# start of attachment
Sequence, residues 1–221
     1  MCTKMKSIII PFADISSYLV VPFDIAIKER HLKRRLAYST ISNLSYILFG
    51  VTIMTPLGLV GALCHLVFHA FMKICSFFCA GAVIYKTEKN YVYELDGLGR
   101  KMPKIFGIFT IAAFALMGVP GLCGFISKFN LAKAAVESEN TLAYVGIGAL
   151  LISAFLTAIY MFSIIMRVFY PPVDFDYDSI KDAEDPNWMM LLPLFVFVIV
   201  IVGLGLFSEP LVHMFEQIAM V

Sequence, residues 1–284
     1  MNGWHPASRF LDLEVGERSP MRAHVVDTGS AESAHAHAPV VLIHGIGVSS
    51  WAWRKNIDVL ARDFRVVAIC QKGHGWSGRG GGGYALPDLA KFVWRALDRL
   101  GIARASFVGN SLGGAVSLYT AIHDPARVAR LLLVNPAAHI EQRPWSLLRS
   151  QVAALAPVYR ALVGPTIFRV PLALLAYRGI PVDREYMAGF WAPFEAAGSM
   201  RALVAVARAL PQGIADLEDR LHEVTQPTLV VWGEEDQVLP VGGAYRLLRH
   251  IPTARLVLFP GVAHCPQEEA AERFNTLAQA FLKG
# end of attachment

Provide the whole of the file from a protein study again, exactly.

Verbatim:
Sequence, residues 1–221
     1  MCTKMKSIII PFADISSYLV VPFDIAIKER HLKRRLAYST ISNLSYILFG
    51  VTIMTPLGLV GALCHLVFHA FMKICSFFCA GAVIYKTEKN YVYELDGLGR
   101  KMPKIFGIFT IAAFALMGVP GLCGFISKFN LAKAAVESEN TLAYVGIGAL
   151  LISAFLTAIY MFSIIMRVFY PPVDFDYDSI KDAEDPNWMM LLPLFVFVIV
   201  IVGLGLFSEP LVHMFEQIAM V

Sequence, residues 1–284
     1  MNGWHPASRF LDLEVGERSP MRAHVVDTGS AESAHAHAPV VLIHGIGVSS
    51  WAWRKNIDVL ARDFRVVAIC QKGHGWSGRG GGGYALPDLA KFVWRALDRL
   101  GIARASFVGN SLGGAVSLYT AIHDPARVAR LLLVNPAAHI EQRPWSLLRS
   151  QVAALAPVYR ALVGPTIFRV PLALLAYRGI PVDREYMAGF WAPFEAAGSM
   201  RALVAVARAL PQGIADLEDR LHEVTQPTLV VWGEEDQVLP VGGAYRLLRH
   251  IPTARLVLFP GVAHCPQEEA AERFNTLAQA FLKG